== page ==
*2013 – OfficeMax begins negotiations with Office Depot to engage in a merger of equals.

2000 NASCAR Craftsman Truck Series – MBNA e-commerce 200

The inaugural MBNA e-commerce 200 was held September 22 at Dover International Speedway. Kurt Busch won the pole.

2000 NASCAR Craftsman Truck Series – MBNA e-commerce 200

Failed to qualify: Ron Barfield (#97), Kenny Martin (#98), Morgan Shepherd (#80), Larry Gunselman (#31), Tony Roper (racing driver)|Tony Roper (#26), Ricky Sanders (NASCAR)|Ricky Sanders (#19), Ryan McGlynn (#00), Jerry Miller (driver)|Jerry Miller (#32), Michael Hamby (#0), Donnie Neuenbeger (#84), Jim Mills (NASCAR)|Jim Mills (#30)

2001 NASCAR Craftsman Truck Series – MBNA E-Commerce 200

The MBNA E-Commerce 200 was held June 2 at Dover International Speedway. Scott Riggs won the pole.

Webshop – International E-Commerce statistics

Statistics show that in 2012, Asia-Pacific increased their international sales over 30% giving them over $433 billion in revenue. That is a $69 billion difference between the U.S. revenue of $364.66 billion. It is estimated that Asia-Pacific will increase by another 30% in the year 2013 putting them ahead by more than one-third of all global ecommerce sales.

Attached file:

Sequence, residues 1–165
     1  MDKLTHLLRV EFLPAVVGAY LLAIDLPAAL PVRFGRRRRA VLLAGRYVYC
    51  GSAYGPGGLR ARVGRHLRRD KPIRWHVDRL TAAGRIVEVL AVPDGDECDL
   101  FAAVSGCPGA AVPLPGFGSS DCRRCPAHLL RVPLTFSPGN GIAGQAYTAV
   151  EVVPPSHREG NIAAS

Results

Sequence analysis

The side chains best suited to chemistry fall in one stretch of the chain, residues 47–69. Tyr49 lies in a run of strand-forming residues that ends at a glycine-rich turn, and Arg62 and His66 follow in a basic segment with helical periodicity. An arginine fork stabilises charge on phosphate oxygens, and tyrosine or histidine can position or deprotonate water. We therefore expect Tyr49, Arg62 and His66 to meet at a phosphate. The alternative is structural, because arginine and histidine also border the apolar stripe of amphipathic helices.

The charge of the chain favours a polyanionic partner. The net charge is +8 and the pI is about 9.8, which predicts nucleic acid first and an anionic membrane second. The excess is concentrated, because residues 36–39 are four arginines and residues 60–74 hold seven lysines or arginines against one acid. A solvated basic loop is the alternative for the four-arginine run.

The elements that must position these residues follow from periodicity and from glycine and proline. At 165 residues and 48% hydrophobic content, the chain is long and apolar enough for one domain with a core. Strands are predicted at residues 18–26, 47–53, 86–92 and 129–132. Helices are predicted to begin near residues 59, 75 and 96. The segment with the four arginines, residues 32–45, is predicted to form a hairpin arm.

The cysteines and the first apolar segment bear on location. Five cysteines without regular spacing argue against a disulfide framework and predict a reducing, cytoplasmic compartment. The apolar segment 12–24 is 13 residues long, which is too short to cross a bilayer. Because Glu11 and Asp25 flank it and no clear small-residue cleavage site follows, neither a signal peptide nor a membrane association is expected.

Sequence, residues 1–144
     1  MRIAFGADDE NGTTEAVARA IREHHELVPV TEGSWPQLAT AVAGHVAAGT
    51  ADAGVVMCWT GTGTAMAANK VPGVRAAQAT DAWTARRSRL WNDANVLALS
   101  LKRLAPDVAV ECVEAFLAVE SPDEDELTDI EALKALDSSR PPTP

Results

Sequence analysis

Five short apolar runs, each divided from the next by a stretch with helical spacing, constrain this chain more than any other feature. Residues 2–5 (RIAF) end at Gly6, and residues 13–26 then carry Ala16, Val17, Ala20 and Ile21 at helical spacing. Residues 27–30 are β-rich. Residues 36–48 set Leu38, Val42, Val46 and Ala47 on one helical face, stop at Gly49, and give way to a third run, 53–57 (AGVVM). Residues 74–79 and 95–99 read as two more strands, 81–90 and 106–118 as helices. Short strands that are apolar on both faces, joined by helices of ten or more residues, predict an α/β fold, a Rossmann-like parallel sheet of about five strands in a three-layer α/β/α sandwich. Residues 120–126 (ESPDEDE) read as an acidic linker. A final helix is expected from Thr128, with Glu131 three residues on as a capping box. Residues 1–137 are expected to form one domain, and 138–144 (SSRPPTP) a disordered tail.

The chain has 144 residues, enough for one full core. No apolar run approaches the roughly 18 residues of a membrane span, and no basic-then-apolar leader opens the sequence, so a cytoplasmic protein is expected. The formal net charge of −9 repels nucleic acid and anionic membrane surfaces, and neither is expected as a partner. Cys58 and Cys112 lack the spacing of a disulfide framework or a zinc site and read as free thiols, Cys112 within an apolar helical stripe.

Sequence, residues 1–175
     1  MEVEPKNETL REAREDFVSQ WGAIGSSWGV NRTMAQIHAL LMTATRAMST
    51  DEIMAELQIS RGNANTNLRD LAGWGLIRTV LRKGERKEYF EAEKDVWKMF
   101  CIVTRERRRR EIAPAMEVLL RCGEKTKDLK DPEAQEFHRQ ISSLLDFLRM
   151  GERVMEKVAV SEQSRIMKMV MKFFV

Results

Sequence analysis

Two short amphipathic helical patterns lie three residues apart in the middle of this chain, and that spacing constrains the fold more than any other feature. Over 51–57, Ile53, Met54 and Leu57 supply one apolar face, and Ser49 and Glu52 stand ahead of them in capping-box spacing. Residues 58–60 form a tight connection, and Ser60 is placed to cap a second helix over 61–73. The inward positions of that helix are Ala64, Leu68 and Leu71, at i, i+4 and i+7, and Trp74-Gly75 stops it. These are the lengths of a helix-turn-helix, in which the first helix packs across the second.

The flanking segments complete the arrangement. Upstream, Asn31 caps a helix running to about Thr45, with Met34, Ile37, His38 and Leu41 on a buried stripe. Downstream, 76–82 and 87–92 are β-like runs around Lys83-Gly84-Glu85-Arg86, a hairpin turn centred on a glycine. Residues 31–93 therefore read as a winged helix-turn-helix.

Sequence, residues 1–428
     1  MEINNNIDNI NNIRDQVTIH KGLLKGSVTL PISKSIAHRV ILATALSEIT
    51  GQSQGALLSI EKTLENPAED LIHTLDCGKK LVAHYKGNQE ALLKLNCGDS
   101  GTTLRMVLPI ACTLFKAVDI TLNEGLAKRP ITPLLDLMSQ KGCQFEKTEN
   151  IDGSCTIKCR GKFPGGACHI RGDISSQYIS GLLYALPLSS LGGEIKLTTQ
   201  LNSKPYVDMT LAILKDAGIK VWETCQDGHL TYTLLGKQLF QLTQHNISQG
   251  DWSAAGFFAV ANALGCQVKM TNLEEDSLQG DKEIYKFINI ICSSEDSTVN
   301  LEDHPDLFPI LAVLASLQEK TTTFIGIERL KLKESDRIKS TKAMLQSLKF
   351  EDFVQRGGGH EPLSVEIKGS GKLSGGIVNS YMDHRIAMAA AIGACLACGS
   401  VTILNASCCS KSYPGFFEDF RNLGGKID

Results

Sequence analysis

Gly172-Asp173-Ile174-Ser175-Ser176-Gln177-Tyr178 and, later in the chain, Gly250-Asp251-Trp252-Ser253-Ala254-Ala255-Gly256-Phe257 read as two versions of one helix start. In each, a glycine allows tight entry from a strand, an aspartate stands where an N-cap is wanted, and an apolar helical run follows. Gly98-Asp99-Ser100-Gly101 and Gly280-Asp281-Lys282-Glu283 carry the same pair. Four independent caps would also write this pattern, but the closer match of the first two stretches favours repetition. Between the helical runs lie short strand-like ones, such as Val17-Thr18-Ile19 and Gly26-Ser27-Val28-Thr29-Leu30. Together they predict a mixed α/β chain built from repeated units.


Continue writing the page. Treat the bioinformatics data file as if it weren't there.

Comparison of free software e-commerce web application frameworks

This is a list of e-commerce software that is free and open source software without any non-free dependencies. However, it may support both free and non-free software like databases.

Comparison of free software e-commerce web application frameworks

Website revision systems (content management systems) may be built on a web application framework.

American Electronics Association – E-commerce

*[http://www.aeanet.org/GovernmentAffairs/gais_Policy_Positions.asp#SecurityBreach Data Breach] – ensure that government policies to protect data and privacy do not harm the industry’s push for federal preemption of state data breach laws

American Electronics Association – E-commerce

*[http://www.aeanet.org/governmentaffairs/gamb_PrivacyOverview.asp Privacy] – ensure that any privacy legislation protects consumers while continuing to encourage e-commerce; push for federal preemption of state privacy laws

American Electronics Association – E-commerce

*[http://www.aeanet.org/GovernmentAffairs/gais_OnlineSafety.asp Child Online Safety] – ensure that any legislation regulates online behavior consistent with technological capabilities